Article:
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The contribution and potential of the women, peace and security agenda

December 2023: In Afghanistan, the Taliban are limiting women and girls’ access to education, work, and public life. Israel’s siege and bombing of Gaza is the first war in history where children comprise over 40 per cent of casualties. In Sudan, millions have fled their homes and sexual and gender-based violence is rampant. The juxtaposition of this human devastation with the luxurious backdrops of Jeddah or Doha, where ceasefire or hostage negotiations are taking place, is jarring.

In an era of geopolitical division and flux, there is competition between states, UN and multilateral organisations and international non-governmental organisations (INGOs) for involvement in peace mediation. As others in this volume discuss, the peace they pursue – a cessation of violence and short-term stability or sustainable peace grounded in social justice – is itself contested. This contestation is particularly evident regarding women’s participation, whether as mediators, in political delegations, or independently, even though the women, peace and security (WPS) agenda, initiated in 2000 through UN Security Council Resolution 1325, has long been a locus for innovation in peacemaking.

Since 2000, wars have grown more fragmented and protracted, and societal polarisation is rising as identities are weaponised and the pushback against women’s rights and participation in public life is more vociferous. Despite – or perhaps because of – these trends, WPS is even more relevant and necessary to contemporary peacemaking.

Women, peace and security: evolution, perception, and opposition

Resolution 1325 was the first time the Security Council addressed women’s experiences of war and roles in peacemaking. It was the result of a tripartite collaboration between civil society, the UN and states – notably Bangladesh and Namibia. Canada, France, and Slovenia were early supporters. It followed a global NGO-led campaign to bring visibility to women’s experiences of war and peacemaking: Women building peace, from the village council to the negotiating table. The campaigners consulted women fighters, mediators and activists confronting military occupations and calling for justice and reconciliation even after genocide. They found a common and yet transformative fact: in conflict settings, women have agency and influence. Yet much of this agency had remained invisible.

Resolution 1325 highlighted the role long played by women across many cultures in mediating disputes, fostering peace, or calling for ceasefires.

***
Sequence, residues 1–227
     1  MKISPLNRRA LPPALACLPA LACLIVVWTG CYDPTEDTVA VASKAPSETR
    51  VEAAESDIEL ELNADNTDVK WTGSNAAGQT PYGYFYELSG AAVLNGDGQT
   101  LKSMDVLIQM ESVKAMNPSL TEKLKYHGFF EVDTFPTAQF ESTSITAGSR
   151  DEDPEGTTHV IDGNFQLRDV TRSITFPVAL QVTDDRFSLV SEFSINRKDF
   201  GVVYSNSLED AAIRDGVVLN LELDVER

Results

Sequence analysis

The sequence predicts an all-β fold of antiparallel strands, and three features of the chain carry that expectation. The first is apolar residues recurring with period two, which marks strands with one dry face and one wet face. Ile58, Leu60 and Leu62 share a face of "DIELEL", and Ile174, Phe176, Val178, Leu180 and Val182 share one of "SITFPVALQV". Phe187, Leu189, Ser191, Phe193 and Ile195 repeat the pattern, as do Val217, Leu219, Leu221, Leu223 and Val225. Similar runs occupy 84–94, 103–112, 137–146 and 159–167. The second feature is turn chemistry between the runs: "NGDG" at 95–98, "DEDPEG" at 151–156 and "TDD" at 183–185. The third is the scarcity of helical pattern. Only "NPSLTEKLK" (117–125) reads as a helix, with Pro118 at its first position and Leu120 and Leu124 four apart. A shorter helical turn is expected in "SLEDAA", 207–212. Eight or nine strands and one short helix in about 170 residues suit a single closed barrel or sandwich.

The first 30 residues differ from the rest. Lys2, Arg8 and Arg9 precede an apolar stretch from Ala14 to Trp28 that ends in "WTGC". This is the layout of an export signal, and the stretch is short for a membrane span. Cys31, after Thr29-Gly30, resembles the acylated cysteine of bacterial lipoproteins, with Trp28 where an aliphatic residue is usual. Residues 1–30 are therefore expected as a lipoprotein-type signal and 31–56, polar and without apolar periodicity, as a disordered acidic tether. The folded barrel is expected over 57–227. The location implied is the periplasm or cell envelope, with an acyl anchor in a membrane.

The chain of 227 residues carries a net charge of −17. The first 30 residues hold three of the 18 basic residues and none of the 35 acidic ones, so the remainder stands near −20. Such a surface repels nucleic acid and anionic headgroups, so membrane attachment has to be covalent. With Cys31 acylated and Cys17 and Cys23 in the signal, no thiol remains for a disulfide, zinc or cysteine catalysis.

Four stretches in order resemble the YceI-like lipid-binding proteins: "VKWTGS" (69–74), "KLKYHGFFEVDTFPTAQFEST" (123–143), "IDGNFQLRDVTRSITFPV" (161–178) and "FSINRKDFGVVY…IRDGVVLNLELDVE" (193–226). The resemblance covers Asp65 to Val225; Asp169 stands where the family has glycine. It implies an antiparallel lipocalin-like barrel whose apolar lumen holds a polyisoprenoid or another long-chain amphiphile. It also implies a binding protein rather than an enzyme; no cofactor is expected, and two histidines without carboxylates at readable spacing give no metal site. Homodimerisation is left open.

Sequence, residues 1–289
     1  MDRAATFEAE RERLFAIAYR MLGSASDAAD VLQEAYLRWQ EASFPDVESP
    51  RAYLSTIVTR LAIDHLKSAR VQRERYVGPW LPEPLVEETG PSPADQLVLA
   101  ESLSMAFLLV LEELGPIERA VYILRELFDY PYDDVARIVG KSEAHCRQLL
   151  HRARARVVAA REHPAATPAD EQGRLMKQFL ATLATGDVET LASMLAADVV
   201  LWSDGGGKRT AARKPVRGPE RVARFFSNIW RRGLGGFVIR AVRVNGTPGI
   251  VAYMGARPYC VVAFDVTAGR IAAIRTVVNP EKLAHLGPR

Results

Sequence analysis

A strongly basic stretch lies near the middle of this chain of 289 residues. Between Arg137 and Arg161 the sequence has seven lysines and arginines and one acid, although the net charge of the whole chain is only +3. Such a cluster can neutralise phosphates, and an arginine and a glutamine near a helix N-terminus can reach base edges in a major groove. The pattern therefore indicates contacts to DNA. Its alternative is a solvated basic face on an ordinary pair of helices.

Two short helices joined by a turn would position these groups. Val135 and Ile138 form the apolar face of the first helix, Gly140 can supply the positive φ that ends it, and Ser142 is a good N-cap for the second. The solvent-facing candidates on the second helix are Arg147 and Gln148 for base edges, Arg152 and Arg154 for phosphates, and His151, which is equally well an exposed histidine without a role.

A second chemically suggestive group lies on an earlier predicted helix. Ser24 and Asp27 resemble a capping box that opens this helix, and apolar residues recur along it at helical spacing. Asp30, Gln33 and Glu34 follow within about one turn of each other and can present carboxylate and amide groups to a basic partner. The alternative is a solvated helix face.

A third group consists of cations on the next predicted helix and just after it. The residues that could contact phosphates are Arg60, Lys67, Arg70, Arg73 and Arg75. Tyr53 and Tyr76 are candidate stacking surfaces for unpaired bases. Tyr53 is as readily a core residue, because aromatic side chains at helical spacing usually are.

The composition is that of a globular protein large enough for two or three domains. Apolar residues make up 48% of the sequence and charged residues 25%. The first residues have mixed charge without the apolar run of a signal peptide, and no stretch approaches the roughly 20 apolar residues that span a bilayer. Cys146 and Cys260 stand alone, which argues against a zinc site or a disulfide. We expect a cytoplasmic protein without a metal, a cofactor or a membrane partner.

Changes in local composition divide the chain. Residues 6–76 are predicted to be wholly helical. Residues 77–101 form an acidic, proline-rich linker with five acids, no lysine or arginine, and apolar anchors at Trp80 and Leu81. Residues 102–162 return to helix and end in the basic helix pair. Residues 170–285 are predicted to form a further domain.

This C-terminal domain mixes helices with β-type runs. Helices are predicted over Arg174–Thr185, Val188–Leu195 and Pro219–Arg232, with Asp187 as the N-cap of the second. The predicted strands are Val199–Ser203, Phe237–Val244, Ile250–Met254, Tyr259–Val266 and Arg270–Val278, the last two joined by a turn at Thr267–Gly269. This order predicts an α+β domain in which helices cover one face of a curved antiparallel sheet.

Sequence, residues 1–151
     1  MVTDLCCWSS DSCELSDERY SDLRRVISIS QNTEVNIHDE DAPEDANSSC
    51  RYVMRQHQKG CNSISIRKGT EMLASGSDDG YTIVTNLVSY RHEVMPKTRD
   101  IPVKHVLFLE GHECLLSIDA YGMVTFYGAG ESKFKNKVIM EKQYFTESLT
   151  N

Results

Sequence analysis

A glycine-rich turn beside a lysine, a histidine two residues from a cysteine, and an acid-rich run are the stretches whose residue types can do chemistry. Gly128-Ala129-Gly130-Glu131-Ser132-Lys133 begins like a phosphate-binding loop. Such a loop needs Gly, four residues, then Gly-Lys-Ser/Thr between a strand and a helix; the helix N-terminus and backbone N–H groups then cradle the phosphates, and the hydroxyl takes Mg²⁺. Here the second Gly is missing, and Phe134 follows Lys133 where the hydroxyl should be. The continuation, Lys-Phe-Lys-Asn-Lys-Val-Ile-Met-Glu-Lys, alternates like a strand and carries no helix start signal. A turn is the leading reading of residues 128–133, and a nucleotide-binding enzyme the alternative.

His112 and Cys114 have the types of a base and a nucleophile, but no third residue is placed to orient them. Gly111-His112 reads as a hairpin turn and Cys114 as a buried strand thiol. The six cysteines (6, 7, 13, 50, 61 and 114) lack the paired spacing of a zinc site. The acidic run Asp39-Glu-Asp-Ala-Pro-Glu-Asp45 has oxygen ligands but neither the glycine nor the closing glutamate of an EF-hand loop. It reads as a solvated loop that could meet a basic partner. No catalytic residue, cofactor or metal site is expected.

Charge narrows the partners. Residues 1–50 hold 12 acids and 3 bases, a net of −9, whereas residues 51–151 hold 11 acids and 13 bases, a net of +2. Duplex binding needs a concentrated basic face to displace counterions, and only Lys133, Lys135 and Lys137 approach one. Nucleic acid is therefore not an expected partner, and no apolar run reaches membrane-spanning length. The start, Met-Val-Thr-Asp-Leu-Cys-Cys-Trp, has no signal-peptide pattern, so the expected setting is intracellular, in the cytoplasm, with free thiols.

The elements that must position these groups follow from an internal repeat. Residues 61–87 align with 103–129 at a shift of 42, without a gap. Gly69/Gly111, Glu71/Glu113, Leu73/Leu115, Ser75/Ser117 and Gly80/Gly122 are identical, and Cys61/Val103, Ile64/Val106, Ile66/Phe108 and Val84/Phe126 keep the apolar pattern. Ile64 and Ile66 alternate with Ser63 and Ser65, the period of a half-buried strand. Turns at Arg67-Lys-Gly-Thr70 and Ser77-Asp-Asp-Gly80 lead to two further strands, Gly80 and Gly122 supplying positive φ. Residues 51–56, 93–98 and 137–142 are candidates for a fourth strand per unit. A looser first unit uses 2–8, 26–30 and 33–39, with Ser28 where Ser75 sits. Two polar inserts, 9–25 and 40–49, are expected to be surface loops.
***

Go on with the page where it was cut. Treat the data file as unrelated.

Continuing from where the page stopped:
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Resolution 1325 came at a critical moment in the UN’s history. In the aftermath of the Cold War, the Council was grappling with how to address internal conflicts while respecting the principles of non-interference and state sovereignty. The pragmatic and innovative message – women build peace – resonated with Security Council members. It also highlighted the role long played by women across many cultures in mediating disputes, fostering peace, or calling for ceasefires. Yet in multilateral and diplomatic spaces suffused by post-colonial mindsets and sexism, this contribution of women to peace had gone unrecognised.

Despite the power of the messages, the agenda has been plagued by misconceptions. For example, the emphasis on women’s rights and ‘peace for women’, antagonises men and circumscribes women’s involvement to ‘women’s issues’, excluding them from broader discussions on security and governance that are also highly relevant to women. It does a disservice to women peacebuilders, who typically advocate peace and rights for all.

Despite evidence of women’s contributions to sustainable peace and the increased visibility of women peacebuilders, many mediators remain sceptical about women’s inclusion in peace processes.
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Meanwhile, despite evidence of women’s contributions to sustainable peace and the increased visibility of women peacebuilders, many mediators remain sceptical about women’s inclusion in peace processes. ‘The parties won’t include women in their delegations’, is an often-cited reason for their exclusion. Women peacebuilders do not want to be forced into delegations, and instead advocate independent representation. Mediators also often relegate women peacebuilders to ‘women’s issues’, which, they believe, are not a priority. Yet often women peacebuilders are addressing critical security-oriented issues. For example, in the Yemen process, the exchange of prisoners was one of three components of the Stockholm agreement mediated by the UN in December 2018. In Stockholm’s aftermath, the UN and the International Committee of the Red Cross (ICRC) initially struggled to secure releases. The Abductees’ Mothers Association, formed in 2016, was pivotal in focusing attention on the issue of civilian detainees. Working through local and tribal mediators and lawyers, it has been involved in the release of around 950 civilian prisoners and – having been excluded from earlier security dialogues – now engages with the ICRC and UN.